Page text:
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The Reason Why We Sing: Introducing Black Pentecostal Spirituality -Clifton Clarke

May 30, 2015

TRWWSI was first made aware of what scholars called ‘black-led churches’ (see below as to why the author doesn’t like this term) when I moved from a small Southern town to a large, industrial Northern city where the church I went to had turned away lots of black people of the Windrush generation, saying, ‘It was nice to see you but your presence here upsets my congregation….’

The black people who remained sat on one side of our church and the whites on the other side.

I was later presented with these churches when teaching RE. There was a schools’ broadcast featuring them.

The author knows what he is talking about: My own experience of black pentecostalism comes from twenty years as a member of a church within the black pentecostal tradition, as well as five years as a minister in the New Testament Church of God….. Although the church I serve in has a predominantly black membership, it remains a church for the ‘who so ever will.’ The very idea of ‘church,’ the ecclesia, carries with it the idea of a multiracial commonality cutting across culture and gender for Jew and Gentile, male and female, bond and free (Gal 3.28). This for me contradicts the notion of a ‘black church’—or a ‘white church’ for that matter. It is also contrary to the spirit of Pentecost, which was characterized by the break­ing down of racial barriers both at Jerusalem in Acts 2 and in 1906 during the Azusa Street revival. The term ‘black-led church’ is also a misnomer because most of the prominent churches within the pentecostal tradition in Britain have extensive white leadership, usually based in the United States.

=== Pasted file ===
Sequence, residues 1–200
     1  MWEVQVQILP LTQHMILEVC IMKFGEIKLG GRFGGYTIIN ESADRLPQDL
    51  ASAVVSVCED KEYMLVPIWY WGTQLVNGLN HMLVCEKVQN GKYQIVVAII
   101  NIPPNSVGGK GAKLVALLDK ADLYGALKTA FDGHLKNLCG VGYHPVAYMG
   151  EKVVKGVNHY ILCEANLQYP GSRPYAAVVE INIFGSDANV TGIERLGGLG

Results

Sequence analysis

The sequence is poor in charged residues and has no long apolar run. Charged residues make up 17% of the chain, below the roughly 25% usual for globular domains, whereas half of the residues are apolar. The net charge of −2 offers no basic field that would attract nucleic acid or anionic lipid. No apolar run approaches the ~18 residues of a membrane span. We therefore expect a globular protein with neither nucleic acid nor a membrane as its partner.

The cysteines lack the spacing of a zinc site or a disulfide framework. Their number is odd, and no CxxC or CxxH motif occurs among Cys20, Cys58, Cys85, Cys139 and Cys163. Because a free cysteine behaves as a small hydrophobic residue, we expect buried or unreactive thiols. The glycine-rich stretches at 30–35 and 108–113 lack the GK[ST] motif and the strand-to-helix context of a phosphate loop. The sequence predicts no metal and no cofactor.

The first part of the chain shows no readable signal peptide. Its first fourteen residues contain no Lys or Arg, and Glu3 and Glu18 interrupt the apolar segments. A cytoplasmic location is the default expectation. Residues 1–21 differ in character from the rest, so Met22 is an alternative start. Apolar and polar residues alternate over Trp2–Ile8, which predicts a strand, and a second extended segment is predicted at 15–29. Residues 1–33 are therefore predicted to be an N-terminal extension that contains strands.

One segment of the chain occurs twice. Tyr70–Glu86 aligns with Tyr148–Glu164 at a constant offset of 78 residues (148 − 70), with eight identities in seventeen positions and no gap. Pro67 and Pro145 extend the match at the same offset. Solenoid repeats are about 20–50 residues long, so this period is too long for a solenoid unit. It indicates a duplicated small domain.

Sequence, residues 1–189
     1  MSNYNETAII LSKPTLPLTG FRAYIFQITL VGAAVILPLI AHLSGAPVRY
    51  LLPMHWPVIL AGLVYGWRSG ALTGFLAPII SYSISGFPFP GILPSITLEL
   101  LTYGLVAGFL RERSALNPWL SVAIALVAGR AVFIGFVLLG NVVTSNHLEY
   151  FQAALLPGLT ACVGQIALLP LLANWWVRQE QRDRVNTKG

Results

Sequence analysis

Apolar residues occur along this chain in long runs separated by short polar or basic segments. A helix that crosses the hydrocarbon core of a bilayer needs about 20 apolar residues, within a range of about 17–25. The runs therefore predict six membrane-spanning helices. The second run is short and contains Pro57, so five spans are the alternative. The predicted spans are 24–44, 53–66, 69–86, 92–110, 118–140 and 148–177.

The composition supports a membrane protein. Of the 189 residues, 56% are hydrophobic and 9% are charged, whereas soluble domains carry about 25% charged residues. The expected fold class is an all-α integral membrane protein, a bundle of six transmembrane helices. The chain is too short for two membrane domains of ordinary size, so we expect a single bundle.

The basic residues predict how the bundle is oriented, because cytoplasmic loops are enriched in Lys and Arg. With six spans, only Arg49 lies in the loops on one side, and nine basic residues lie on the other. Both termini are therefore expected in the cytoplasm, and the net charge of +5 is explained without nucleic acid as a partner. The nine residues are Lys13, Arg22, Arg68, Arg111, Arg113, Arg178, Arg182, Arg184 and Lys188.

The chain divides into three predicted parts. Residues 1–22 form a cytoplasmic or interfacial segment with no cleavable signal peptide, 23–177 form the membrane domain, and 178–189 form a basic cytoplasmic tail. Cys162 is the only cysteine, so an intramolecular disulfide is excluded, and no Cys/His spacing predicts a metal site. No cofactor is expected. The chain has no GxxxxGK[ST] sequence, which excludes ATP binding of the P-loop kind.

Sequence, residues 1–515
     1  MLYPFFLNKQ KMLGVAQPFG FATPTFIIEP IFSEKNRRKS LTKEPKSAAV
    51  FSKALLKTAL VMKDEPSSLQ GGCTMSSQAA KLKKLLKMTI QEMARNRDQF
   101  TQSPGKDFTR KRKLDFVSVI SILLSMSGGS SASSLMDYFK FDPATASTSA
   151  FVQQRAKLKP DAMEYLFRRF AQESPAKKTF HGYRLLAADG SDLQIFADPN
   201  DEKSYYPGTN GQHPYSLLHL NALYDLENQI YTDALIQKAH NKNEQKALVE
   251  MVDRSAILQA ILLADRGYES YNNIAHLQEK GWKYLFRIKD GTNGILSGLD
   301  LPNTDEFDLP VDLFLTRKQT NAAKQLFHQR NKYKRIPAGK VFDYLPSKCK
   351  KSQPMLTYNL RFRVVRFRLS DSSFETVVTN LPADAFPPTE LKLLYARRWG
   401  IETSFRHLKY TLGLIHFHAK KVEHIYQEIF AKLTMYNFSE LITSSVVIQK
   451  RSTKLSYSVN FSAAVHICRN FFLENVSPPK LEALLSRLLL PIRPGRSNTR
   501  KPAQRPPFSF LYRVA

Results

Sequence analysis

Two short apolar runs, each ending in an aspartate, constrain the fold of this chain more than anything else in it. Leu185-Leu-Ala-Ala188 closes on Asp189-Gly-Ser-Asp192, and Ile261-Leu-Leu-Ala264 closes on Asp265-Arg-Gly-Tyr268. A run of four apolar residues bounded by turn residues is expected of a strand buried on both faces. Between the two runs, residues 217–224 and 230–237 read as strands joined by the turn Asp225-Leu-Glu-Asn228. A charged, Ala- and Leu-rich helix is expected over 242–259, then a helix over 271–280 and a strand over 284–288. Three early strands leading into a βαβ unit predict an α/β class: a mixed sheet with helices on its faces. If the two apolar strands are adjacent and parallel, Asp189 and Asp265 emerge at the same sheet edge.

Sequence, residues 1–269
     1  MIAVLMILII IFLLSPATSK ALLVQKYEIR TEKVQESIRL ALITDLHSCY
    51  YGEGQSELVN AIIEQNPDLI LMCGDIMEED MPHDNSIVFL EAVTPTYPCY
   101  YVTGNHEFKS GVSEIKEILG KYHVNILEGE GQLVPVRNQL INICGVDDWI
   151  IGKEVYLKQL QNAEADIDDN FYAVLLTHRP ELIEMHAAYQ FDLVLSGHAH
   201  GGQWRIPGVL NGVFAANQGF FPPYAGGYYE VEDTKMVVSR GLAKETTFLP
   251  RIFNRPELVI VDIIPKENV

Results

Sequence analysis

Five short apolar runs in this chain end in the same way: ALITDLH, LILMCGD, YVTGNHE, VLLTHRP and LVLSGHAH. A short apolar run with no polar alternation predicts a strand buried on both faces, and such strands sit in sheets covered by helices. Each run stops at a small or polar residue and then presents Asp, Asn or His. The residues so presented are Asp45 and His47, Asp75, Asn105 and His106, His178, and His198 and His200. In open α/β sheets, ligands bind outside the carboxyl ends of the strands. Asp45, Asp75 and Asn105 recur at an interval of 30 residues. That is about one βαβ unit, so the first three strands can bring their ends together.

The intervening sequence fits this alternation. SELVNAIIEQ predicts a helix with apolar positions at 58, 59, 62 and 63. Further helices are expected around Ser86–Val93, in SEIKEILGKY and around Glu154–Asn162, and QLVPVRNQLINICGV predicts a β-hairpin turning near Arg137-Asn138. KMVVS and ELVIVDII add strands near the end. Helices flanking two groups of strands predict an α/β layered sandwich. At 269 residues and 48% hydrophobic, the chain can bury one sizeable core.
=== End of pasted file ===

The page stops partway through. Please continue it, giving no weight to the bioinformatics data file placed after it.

I was very interested in the way the author linked his Christian experience with African Traditional Religion (just as much as older denominations built on and inculturated existing religious experience as part of evangelisation). According to African philosophy God is the origin and sustenance of all things. The notion of a supreme God is the most minimal and fundamental idea of God found in all African societies.” God is not a philosophical proposition or an anae­mic thought but a life-giving spirit both immanent and transcendent.” He is the God of a million galaxies yet the God who is closer than my own soul. God is life, resurrecting, reviving and quickening all that is lifeless. God is power—healing, transforming, saving and destroying. The notion of being overcome or immersed in the Spirit was nothing new to the Africans and was all too similar to the experience of spirit possession.” It was the influence of the African slaves during the early pentecostal camp meetings that introduced the ecstatic behaviour—which Parham called ‘crude Negroism of Southland’—during which the Holy Spirit came upon a person. This was char­acterized by jerking, shouting, dancing, rolling on the floor, and all that now is associated with ‘being in the Spirit.’ Evil spirits are also very commonplace in African culture which again has a prominent role in black pentecostalism.

On healing ministry, he notes that to be struck with a fatal illness in an African context is no accident, but the direct result of an evil spirit or a bad omen.

Far from being escapist, their music, unlike the blues, their secular counterpart, the spirituals usually had a glimmer of hope beneath the note of despair that ‘trouble won’t last al­ways.’ The spirituals were by no means a reflection of the black slave’s striving to­ward social and political liberation, nor were they the result of an escapist atti­tude resigned to slavery whilst here on earth. On the contrary, as John Lovell has shown, the spiritual was a reflection of the social life of slaves which was based on their African background. The songs, then, were used to counteract the de­humanization that they confronted on a daily basis. In African traditionalism song was an expression of the community’s view of the world and its place in it. These songs were to black people what history books were to white people. Through song, story and history, initiation of the young into adulthood, death, marriage and belief were recorded. It was this African back­ground that made it impossible for slaves to accept a religion that denigrated their ‘personhood.’ Instead they combined the religion of the ancestor with the Christian gospel and created a spirituality of song that participated in their lib­eration from earthly bondage. Black pentecostalism has inherited much of its ‘song culture’ from the negro spirituals.